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Sailing positively is a negative ion generator of happiness

2017 January 1

We were with some friends for dinner recently, and I noticed our hostess had put a small plastic box on a shelf near the table and plugged it in so it faced our meal. Asking what it was, I received a breezy, “Oh, it’s just a negative ion generator.”

I had a meeting with a yacht broker not long afterwards and, lo and behold, there was the same little plastic box on his office desk. This time, I pursued the question and his answer was that negative ions had changed his life at work. “I used to drag all day and would get 3 p.m. fatigue, but the negative ion generator really energizes me.” 

It all sounded like electronic snake oil to me but, in the interest of science, I checked out negative ions and, to my surprise, found that they not only work but have a direct impact on readers of this magazine.


Here’s the deal for those of you (like me) who weren’t paying attention in school. Ions are molecules in the air that have either gained or lost an electrical charge. Tasteless, odorless and invisible, studies have shown that they can affect how you feel. 


Positive ions are the bad guys that cause you to feel drowsy, unmotivated, and depressed. Nothing positive about them at all.


Negative ions reverse those feelings, according to ion researchers at Columbia University and, when they reach your bloodstream, they produce a biochemical reaction that increases the levels of the mood chemical serotonin. In short, they boost your energy, relieve stress, and generally create a more euphoric state of mind.

This shouldn’t surprise you, but those bad positive ions are found by the gazillions in homes and offices. Air conditioners create them, just as computers and other grounded devices from fax machines to printers. Your boss probably spews positive ions.

Negative ions, on the other hand, are created when air molecules break apart due to sunlight and moving air and water. Start to see where we’re going here?

If you check out your local Bed, Bath & Beyond or Target, you’ll find shelves of “negative ion generators” for hundreds of bucks just like our hostess and the broker use, and which are intended to perk you up at home or office. 

So should you buy one of these machines?

Nah. Just go sailing!

Researchers have found one of the major producers of negative ions is splashing water, such as your bow wave. You already have your very own negative ion generator. It’s your boat.

Negative ions are created by the motion of water, fresh or salt, and they surround you when you’re aboard your boat. Researchers have found that people are much happier when they are on a beach, near a waterfall or a burbling stream. Or just sailing along.

I don’t need clinical trials to know that I feel much better when I’m on my boat. I’ve never really thought about it particularly, but I know that I’m at my best when I’m sailing, especially when it’s breezy, the sun is bright and the spray is flying. 

On the other hand, I realize that my lawn generates those nasty positive ions, especially when it’s time to mow it. The eaves that need to be painted are another positive ion generator, as are household projects such as washing dishes or cleaning the garage.

Researchers who have measured homes and offices have found that some register a flat zero when it comes to those happy-making negative ions. No surprise.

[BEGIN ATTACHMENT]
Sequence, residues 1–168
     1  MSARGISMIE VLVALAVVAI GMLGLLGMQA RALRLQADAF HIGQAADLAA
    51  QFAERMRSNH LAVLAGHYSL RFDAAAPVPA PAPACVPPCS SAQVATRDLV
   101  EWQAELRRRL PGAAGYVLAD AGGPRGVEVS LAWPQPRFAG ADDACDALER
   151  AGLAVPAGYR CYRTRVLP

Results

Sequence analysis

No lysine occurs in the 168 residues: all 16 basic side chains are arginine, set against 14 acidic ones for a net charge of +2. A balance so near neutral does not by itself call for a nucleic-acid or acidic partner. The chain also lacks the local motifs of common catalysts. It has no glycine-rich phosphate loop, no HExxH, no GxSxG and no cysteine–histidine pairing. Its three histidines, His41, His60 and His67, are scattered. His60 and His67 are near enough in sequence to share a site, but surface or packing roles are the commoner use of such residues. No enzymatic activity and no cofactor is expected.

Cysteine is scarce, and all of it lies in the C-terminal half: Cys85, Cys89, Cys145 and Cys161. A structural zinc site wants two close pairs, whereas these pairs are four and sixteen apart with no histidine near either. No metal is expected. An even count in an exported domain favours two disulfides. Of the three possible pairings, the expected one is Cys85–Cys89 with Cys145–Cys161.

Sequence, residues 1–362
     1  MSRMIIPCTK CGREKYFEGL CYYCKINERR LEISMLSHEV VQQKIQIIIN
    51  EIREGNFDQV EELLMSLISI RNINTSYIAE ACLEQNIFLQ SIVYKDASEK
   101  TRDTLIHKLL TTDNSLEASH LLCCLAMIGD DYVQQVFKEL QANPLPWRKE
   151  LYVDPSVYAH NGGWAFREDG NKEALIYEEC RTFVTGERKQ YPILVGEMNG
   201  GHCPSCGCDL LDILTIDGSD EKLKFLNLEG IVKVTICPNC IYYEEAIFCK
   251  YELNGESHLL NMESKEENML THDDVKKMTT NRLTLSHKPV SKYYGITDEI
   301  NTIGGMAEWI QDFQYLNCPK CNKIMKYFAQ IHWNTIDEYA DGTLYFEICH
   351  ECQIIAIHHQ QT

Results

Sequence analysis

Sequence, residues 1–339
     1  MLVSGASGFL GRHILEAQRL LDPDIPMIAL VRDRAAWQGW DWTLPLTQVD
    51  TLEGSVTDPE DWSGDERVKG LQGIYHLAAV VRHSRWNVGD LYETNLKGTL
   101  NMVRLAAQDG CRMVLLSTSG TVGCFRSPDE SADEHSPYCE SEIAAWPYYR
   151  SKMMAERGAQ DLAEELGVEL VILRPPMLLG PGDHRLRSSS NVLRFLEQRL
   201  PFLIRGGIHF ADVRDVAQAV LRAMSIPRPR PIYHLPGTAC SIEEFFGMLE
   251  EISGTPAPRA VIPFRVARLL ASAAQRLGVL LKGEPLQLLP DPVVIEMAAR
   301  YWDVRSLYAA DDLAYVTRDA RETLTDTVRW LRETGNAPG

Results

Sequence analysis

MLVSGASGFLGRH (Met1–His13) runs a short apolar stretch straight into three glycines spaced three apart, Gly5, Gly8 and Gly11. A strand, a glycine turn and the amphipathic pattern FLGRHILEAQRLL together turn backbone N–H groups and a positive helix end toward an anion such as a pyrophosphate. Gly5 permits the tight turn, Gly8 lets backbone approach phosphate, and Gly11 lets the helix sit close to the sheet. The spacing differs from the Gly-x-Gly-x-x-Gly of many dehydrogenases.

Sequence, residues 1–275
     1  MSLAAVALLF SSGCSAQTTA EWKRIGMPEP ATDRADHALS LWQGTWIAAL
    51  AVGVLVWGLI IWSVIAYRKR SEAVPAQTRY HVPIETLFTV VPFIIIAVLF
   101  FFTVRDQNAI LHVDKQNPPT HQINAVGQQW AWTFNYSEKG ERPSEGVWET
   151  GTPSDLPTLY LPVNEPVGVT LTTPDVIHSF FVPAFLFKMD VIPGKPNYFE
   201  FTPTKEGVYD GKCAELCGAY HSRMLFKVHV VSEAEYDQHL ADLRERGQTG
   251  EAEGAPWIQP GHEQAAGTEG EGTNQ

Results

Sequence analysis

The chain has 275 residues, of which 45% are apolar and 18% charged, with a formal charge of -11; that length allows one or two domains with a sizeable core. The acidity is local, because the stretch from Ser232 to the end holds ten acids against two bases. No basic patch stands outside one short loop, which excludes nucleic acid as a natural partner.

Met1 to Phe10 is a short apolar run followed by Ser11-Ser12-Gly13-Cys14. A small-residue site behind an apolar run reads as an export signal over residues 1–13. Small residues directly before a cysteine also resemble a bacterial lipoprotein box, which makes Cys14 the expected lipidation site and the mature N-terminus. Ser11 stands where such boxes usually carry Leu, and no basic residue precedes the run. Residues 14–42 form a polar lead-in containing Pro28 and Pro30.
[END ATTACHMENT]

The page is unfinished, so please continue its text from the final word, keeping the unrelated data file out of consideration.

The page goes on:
“The action of pounding surf creates negative air ions and we also see it immediately after spring thunderstorms when people report lightened moods,” said one Columbia University professor. 

I’m usually dismayed when an afternoon sail is interrupted by a spring thunderstorm, but I’m going to modify my behavior to love it. I’ll turn my face to the rain like a little sunflower, sucking in all those negative ions like a legal drug.

He also found that people with winter and chronic depression respond as well to negative ions as to antidepressants and, as he added, “There are relatively no side effects.”

I now know why it is that, when I can’t use my boat in the winter, I suffer serious depression and anxiety but, as the researcher suggested, the application of some salt spray and an afternoon breeze filled with negative ions can wipe out that depression. Remember how good that first sail of the season always feels? I don’t know about you, but if I were a dog, I’d wag my tail.

I admit that I was put off by the researchers use of the word “relatively” because it seemed an unnecessary qualifier, like those television commercials for medications that are always followed by warnings that relatively few users of that drug have turned into serial killers or nymphomaniacs. But I am aware that negative ions are not a medication to be fooled with lightly. I’m old enough to know that all wonderful things often have a down side. 

In this case, I know that going sailing to improve my spirits with a dose of negative ions while I leave the front lawn to become an unruly carpet of weeds will cause She Who Must Be Obeyed to become a cloud of positive ions all by herself. 

So I need to be very careful about using my newfound knowledge. Simply walking out the door with a sailbag over my shoulder in the middle of a weekend or when relatives are due shortly is never a good idea. But perhaps I should say to SWMBO, “Honey, I really need to recharge my negative ions before I see Aunt Edna.” It might just work.

You’ll have to make up your own excuses for getting your negative ions.